If the Machine XML file passes the validation process, the flow proceeds to 222 and the Machine XML file can be checked-in for use in deploying the parameters and functions associated therewith and the flow ends at 224. If the Machine XML file does not pass the validation process, the flow proceeds to 226 and, if enabled, the managing application can apply an autocorrect process. If the autocorrect process is disabled, the flow returns to 216 and the managing application can operate to present a number of issues associated with the validation process to the user.

For either situation, a user does not have to wait for a deployment to begin to determine if there are issues with a deployment blueprint. Thus, the above-described deployment process provides a preemptive solution which can ultimately save users time and reduce issues when deploying a computing architecture. As an example, the managing application can operate to suggest a number of corrective actions that a user can take to overcome one or more issues. The user can then use a suggested action for a validation issue. Once the user is satisfied with ant changes, including any corrections, the flow again proceeds to 218 as described above. On the other hand, if the autocorrect process is enabled, the managing application can operate to automatically correct any issues associated with the validation process and pass the changes on and repeat validation at 220.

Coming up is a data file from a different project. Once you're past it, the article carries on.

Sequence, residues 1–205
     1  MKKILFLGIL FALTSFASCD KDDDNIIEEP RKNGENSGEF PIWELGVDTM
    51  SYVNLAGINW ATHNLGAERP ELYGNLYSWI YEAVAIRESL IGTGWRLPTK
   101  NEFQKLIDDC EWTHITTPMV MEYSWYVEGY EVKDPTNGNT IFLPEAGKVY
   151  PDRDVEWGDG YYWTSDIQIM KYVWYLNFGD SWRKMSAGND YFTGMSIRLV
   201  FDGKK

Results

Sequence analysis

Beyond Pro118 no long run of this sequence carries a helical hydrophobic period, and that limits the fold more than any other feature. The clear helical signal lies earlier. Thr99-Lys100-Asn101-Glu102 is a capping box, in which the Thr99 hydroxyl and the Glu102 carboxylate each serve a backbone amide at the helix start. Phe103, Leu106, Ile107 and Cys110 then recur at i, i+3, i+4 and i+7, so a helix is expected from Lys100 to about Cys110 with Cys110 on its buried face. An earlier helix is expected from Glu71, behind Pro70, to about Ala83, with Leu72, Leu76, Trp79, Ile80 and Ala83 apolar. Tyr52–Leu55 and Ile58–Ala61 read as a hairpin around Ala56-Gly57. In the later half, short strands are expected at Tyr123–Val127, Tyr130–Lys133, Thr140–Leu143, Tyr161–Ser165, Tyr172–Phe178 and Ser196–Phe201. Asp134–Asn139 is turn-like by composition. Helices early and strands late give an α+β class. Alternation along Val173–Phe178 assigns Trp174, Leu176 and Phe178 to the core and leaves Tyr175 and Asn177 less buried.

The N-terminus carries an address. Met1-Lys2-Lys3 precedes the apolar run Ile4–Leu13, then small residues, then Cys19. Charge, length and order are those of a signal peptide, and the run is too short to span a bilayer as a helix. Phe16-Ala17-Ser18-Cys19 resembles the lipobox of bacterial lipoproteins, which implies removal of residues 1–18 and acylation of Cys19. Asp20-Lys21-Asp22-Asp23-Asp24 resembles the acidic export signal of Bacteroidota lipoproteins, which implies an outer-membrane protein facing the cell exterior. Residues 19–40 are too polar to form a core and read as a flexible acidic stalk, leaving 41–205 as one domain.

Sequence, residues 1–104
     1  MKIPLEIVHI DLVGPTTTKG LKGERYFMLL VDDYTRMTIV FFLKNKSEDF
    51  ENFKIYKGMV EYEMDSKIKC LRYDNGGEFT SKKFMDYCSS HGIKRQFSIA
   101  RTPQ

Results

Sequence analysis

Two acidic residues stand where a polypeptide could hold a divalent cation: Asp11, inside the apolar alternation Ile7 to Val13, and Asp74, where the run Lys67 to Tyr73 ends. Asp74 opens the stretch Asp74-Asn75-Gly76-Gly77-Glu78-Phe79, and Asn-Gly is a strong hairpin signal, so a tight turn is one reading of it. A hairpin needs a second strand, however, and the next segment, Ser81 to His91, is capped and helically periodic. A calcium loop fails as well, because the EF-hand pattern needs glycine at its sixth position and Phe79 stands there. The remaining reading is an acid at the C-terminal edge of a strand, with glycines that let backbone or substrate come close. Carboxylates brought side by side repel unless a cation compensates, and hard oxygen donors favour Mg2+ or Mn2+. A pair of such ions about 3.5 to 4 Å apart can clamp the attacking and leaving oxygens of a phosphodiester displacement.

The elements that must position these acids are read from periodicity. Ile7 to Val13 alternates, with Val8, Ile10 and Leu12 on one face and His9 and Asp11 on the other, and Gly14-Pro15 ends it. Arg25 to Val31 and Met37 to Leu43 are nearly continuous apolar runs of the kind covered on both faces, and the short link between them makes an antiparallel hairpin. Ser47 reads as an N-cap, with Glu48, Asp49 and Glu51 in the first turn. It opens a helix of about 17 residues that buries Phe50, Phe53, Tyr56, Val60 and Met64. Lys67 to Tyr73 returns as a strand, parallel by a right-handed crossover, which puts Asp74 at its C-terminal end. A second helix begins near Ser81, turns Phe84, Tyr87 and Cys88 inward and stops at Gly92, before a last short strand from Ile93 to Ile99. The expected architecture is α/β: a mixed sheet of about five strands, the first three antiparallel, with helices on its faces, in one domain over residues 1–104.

In an embodiment, the API functions described above can be exposed using a public class of a dll (e.g., machinexml.dll). A dll can be consumed by the managing application (e.g., as a UI) to present user-readable machine XML to perform various actions. A number of functions related to deployment can be leveraged using a machine XML object model. In one embodiment, a number of functions can be created or generated by the managing application using an object model as follows:

Object: MachineXML

For example create object Machine of machinexml.dll as MXM:

Object MXM=new machinexml.xml

The open function (e.g., MXM.open) can be used to open any existing machine.xml files. A user may pass a local path, universal naming convention (UNC) path, or other designated path.

The validation function (e.g., MXM.validation) operates to conform an XML file with a defined schema. For example, the validation function can be used to ensure that machine XML files conform to a defined schema. In one embodiment, the function returns a true indication if the file conforms with the defined schema; otherwise, the function operates to return a false indication and associated details. The validation function can be used in a variety of scenarios. For example, the validation function can be used to: validate whether string values are compatible with prescribed formats; validate schema compatibility, such as whether a deployment file is compatible with a defined schema; and, validate the existence of certain packages.

The update function (e.g., MXM.update) this function allows a user to save updated machine XML files, including validated files. In one embodiment, the update function uses the machine path as a string parameter with an option to replace file or create a new file.

Object: Machine

For example, create object Machine of machinexml.dll as MXM.

The add function (e.g., Mxm.machine.add) enables users or parent applications to add a machine to a machine XML file. Users can create a machine XML object and assign a machine XML file thereto before calling this function; otherwise, the function may result in error. In one embodiment, the managing application is configured to pass the following parameters for this function:

    • i. Override function
    • ii. Parameters: machinename, group, sequence, order
    • iii. Parameters: accountname, domain, user
    • iv. Parameters: Installpackage, flavor